(Wittenberg: Georg Rhau, 1549). 285 x 192 mm. (11 1/4 x 7 1/2").  leaves. FIRST EDITION.
Recent unadorned retrospective calf by Courtland Benson. Title page framed by woodcut figures of the 12 Apostles, 13 WOODCUTS BY LUCAS CRANACH (signed with his shield) depicting the Apostles and Saint Paul, and two additional woodcuts of the Creation and the Resurrection. VD 16 P-4031. Small portion of inner margin at bottom of title page renewed (well away from images and text), margins faintly smudged and thumbed, printed on paper not of the highest quality (or perhaps washed) and now no longer crisp, strength of illustration impressions varies, but a copy without any fatal flaws of an excessively rare book to be welcomed in any condition.
This elusive work features a major suite of wood engravings by a leading artist of the German Renaissance, vividly depicting the martyrdoms suffered by Christ's Apostles, the "Holy 12" of the title. Court painter to Frederick, elector of Saxony, and friend of Martin Luther, Lucas Cranach the Elder (1472-1553) is described by Britannica as the "chief pictorial propagandist of the Protestant cause in Germany." His reputation drew other artists to Wittenberg, and Muther observes that the city "achieved its position in the history of book illustration by virtue of Martin Luther and Lucas Cranach." He is best known today as an engraver, and the present woodcuts demonstrate his merit. Originally designed in 1514 and used once before (in a 1539 work on the Apostle's Creed), they are full of movement and detail, showing the various brutal deaths of the Apostles--by crucifixion, beheading, and in the case of the unfortunate Simon, by being sawn in half--before jeering crowds. In the sermon printed here at the front of the volume, Lutheran preacher Pollicarius (1524-67) explains how the lives and deaths of the Apostles can be a source of inspiration and instruction to Christians (while Lutherans had abolished the cult of the saints, they were still devoted to the Apostles). Accompanying each plate is a line linking back to the prefatory sermon and then a brief passage describing the image, often including scriptural citations of the event portrayed. Pollicarius studied under Luther at Wittenberg and wrote the first biography of his teacher, which he published together with Luther's assembled writings after the latter's death. Wittenberg printer Georg Rhau (1488-1548) was important to the success of the Protestant Reformation. In addition to producing religious texts, he was a composer and one of the leading music publishers in Germany. This is an extremely rare book: apart from the present item, we were able to trace no copy on the market since 1947. (ST12892)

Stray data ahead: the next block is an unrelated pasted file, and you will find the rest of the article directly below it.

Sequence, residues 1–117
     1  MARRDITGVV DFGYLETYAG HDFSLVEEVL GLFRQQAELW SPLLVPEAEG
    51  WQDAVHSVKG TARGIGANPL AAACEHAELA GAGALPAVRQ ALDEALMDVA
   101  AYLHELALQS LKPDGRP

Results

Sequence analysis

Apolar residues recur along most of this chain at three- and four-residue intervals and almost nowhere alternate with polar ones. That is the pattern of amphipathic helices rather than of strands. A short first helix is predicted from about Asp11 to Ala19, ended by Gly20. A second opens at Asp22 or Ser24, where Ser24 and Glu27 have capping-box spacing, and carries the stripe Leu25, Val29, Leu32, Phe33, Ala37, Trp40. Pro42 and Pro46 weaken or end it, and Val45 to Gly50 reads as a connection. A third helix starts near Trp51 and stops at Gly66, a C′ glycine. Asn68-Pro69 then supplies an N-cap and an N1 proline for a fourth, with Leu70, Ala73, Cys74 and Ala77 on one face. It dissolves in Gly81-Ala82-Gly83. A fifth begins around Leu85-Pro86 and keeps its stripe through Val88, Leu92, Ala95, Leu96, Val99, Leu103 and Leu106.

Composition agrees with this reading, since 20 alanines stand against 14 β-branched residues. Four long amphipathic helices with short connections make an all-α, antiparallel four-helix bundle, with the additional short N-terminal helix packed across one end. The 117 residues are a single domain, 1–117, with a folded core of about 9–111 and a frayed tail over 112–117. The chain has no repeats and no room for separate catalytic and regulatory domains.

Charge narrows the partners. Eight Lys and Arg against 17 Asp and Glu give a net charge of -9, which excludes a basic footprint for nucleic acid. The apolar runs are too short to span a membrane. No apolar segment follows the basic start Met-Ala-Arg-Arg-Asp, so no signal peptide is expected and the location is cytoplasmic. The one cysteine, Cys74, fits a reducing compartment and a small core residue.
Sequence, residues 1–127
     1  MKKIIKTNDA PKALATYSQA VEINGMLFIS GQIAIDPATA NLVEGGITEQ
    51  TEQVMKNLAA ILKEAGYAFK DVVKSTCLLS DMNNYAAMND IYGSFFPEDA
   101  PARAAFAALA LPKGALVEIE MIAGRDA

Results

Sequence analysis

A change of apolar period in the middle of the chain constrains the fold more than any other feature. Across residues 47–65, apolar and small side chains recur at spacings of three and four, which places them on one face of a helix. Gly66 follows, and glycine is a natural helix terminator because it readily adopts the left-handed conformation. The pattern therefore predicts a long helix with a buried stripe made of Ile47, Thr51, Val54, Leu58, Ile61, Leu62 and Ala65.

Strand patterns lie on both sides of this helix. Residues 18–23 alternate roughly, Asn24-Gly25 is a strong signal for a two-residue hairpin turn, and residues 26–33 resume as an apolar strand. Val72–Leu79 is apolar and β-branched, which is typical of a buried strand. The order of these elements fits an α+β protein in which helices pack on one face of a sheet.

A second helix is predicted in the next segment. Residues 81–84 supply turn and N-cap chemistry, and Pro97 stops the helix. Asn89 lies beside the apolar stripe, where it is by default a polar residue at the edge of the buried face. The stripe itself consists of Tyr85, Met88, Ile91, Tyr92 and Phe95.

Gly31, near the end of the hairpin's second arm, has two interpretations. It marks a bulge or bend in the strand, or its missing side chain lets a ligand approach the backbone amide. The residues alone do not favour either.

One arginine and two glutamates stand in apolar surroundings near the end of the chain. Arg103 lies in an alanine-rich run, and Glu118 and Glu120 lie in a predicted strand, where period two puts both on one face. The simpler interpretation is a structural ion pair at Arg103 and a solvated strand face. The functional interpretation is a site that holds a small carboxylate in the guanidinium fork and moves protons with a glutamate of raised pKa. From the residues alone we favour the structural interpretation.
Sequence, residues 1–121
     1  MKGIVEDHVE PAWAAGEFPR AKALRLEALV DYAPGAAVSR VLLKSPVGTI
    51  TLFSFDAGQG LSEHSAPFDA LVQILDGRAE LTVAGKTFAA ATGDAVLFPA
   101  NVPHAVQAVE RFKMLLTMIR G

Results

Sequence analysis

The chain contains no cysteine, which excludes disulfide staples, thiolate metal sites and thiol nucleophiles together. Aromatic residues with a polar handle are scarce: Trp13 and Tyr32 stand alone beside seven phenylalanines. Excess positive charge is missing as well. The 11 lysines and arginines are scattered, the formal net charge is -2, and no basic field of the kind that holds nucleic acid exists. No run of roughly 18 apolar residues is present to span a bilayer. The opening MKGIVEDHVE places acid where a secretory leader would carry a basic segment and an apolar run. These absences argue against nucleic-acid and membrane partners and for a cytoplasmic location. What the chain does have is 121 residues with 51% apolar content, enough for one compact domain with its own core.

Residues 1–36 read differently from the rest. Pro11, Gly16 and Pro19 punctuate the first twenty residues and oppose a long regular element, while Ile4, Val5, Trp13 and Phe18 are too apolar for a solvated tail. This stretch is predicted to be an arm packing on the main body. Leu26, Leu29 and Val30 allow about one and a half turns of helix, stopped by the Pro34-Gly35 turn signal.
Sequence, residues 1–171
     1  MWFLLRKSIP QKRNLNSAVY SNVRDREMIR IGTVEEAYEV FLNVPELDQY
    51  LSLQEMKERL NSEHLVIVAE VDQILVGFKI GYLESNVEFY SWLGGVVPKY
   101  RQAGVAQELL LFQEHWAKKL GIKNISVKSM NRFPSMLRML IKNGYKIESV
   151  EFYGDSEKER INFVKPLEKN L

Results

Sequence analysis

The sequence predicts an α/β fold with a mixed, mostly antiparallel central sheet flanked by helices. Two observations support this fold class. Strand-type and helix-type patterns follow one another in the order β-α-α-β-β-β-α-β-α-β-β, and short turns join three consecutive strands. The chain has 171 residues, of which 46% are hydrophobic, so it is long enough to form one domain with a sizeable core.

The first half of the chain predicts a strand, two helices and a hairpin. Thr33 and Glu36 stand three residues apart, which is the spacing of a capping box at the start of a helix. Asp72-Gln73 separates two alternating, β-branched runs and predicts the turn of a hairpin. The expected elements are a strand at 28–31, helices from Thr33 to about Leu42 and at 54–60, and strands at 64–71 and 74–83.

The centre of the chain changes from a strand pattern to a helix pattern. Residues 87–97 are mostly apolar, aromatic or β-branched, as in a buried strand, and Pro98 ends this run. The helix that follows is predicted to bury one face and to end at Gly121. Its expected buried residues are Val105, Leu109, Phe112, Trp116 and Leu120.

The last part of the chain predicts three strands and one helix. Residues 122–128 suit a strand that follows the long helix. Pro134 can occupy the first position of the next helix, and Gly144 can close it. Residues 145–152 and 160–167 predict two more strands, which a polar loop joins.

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PJP Catalog: NY19BF.044